16. As is the case under the Protocol now, such goods may also fall within the EU's rules of origin obligations under the WTO Agreement on Rules of Origin, although this is a matter for the EU, and the rules of origin provisions of individual EU FTAs may be different and will require examination on a case by case basis. The Minister is empowered to make regulations about UK-regulated goods in NI (clause 9). The Internal Market Act 2020 means that EU standard goods produced in NI will circulate within the UK as a whole.
Other excluded Protocol provisions
17. The Bill removes the EU's State aid provisions (clause 12). This follows naturally from the 'level playing field' provisions of the TCA and the UK's Subsidy Control Act 2022 which together made the use of the EU's State aid rules in Northern Ireland redundant.
18. However, it also allows a Minister to make regulations in relation to State aid under the Protocol. It is unclear what these might be.
19. The Bill also removes the role of the Court of Justice of the European Union (CJEU) and EU executive bodies in interpreting and applying the provisions of the Protocol (clause 13). This jurisdiction is ousted entirely and not just in respect of excluded provisions, on the basis presumably that necessity requires this, and any durable solution cannot have a foreign court deciding on the meaning of provisions. While the Bill removes any ability for a UK court to make a reference to the CJEU, it also empowers the Minister to reintroduce such a mechanism via regulation (clause 20(4)).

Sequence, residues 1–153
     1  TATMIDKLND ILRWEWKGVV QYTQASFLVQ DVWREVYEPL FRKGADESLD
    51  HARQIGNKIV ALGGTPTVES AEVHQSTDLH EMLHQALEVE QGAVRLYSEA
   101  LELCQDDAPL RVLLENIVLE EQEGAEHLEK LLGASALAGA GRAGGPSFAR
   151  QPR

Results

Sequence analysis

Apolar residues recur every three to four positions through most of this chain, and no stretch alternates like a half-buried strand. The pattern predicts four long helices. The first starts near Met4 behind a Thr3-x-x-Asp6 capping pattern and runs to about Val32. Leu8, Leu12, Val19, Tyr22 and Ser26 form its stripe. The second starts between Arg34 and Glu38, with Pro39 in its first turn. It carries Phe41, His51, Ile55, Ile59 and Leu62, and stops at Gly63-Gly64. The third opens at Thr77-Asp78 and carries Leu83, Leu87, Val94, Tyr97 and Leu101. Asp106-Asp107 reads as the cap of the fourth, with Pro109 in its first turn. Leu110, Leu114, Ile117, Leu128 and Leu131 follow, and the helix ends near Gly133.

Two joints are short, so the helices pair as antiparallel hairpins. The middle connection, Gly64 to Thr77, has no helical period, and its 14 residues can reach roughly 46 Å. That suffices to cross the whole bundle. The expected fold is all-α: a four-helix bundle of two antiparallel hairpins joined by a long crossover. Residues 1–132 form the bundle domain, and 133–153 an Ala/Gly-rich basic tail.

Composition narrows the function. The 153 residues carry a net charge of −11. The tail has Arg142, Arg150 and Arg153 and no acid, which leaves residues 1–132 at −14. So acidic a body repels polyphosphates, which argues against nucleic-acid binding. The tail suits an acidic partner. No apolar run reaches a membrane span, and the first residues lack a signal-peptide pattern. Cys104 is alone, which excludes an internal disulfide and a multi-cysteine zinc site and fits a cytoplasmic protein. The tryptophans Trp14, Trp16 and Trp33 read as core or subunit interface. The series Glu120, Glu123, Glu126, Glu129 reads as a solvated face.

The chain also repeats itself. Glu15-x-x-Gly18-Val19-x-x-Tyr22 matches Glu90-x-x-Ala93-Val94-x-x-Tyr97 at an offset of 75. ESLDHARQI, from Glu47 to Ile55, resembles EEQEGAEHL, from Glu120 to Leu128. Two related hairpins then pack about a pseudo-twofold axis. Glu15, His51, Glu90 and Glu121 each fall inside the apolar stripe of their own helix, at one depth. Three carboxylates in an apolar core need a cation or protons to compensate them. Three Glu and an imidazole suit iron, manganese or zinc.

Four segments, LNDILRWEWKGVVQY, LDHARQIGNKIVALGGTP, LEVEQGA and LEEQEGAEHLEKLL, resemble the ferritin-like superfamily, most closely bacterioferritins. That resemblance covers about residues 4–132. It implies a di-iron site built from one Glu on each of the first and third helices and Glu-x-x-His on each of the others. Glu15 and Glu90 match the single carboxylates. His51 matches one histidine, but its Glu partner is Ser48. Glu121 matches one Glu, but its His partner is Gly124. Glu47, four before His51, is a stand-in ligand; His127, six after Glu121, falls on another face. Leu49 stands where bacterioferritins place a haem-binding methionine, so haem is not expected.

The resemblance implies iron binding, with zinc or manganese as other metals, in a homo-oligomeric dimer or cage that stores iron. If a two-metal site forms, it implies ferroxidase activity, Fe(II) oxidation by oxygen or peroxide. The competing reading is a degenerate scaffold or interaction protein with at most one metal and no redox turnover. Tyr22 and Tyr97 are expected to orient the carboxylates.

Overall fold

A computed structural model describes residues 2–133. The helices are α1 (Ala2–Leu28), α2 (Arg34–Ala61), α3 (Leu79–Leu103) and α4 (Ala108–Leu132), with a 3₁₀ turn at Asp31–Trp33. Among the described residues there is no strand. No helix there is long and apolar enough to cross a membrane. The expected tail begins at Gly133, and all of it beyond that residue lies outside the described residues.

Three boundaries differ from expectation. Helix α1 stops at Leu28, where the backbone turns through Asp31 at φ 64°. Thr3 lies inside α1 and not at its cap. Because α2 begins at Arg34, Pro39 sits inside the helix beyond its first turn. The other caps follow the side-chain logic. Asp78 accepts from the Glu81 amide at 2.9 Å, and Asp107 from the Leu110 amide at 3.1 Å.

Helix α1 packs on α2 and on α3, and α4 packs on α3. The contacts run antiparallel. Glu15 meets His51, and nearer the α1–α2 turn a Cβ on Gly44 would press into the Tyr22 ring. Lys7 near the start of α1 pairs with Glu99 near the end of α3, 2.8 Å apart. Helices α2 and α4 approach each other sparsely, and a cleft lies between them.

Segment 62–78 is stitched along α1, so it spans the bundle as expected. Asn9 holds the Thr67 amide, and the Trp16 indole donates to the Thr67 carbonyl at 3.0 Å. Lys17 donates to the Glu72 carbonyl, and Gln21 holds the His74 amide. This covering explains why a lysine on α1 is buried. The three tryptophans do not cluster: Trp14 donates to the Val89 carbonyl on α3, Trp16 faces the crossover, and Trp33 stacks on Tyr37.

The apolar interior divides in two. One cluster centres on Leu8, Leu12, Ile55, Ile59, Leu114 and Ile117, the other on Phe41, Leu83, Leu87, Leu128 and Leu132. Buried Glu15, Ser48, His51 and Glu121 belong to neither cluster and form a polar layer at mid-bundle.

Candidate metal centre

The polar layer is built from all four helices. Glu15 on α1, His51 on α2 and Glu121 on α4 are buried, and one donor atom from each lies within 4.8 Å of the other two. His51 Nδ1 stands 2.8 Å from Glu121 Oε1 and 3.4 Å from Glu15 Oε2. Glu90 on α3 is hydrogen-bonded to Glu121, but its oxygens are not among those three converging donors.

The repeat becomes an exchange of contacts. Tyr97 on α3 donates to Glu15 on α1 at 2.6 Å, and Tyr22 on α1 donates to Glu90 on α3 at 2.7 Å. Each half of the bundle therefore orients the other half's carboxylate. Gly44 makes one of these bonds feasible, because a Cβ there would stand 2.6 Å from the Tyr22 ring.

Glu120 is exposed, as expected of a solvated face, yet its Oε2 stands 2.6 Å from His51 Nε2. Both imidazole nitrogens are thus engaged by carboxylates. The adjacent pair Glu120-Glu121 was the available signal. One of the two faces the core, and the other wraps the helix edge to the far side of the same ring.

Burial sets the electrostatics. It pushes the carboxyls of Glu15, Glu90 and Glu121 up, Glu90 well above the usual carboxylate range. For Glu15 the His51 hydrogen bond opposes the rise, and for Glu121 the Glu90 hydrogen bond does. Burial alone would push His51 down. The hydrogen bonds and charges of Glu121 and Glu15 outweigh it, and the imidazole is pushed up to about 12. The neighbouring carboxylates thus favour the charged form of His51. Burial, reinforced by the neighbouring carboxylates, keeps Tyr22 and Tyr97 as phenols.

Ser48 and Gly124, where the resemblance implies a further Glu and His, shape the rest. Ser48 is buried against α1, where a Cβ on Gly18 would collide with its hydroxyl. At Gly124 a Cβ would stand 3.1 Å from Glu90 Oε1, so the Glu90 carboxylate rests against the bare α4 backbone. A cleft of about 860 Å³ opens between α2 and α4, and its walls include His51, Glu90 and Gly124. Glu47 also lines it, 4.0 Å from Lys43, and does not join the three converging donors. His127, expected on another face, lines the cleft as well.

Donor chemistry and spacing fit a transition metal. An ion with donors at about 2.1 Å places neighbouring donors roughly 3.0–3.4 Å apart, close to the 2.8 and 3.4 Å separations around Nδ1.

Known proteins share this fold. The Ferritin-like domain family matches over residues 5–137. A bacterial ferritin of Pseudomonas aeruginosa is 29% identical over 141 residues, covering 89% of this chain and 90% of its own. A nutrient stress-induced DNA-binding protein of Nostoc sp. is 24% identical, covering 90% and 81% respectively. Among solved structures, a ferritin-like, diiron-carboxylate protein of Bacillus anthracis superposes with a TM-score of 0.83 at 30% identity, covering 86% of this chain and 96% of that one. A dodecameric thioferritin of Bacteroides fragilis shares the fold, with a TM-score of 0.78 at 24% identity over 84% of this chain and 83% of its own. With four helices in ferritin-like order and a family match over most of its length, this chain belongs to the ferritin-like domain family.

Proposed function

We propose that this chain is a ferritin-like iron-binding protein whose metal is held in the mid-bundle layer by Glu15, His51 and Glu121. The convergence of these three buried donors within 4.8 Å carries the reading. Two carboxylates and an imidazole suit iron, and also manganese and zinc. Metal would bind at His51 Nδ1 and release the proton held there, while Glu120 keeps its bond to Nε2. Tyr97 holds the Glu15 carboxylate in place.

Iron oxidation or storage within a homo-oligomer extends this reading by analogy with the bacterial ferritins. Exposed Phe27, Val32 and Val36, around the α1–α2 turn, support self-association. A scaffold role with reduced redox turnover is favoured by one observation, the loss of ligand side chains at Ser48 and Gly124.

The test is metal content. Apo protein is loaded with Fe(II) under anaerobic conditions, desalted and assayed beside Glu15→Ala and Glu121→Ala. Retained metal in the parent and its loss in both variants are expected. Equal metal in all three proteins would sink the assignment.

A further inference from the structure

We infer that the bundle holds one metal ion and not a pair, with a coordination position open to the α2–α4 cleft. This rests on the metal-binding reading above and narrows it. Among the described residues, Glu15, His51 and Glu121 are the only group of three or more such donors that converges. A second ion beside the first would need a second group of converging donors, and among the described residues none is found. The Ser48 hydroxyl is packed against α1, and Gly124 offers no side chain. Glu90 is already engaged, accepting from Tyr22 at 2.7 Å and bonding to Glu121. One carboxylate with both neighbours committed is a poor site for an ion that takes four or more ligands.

20. The Bill allows Ministers to change further provisions of the Protocol for permitted purposes, which include matters such as safeguarding social or economic stability in NI; ensuring the effective flow of trade between NI and another part of the UK; and safeguarding the territorial or constitutional integrity of the United Kingdom. However, it protects the provisions of the Protocol relating to the rights of individuals, the common travel area and north-south cooperation (which pre-dated or did not arise from the EU in any event).
The Legal Star Chamber has come to the conclusion that it approves of the Northern Ireland Protocol Bill because it achieves the constitutional objective of reaffirming Northern Ireland as part of the constitutional territory of the United Kingdom and its sovereignty. It properly reinforces the Belfast (Good Friday) Agreement and the Union.
Important aspects of the Bill are dependent upon implementation by Statutory Instruments, but assuming those SIs are introduced in accordance with the government's stated intentions, the Bill will reaffirm in substance the elements of the Articles of Union of 1800 which were held by Keegan LCJ in the Allister case to have been "subjugated" by the Protocol as given effect by the EUWAA 2020. Specifically: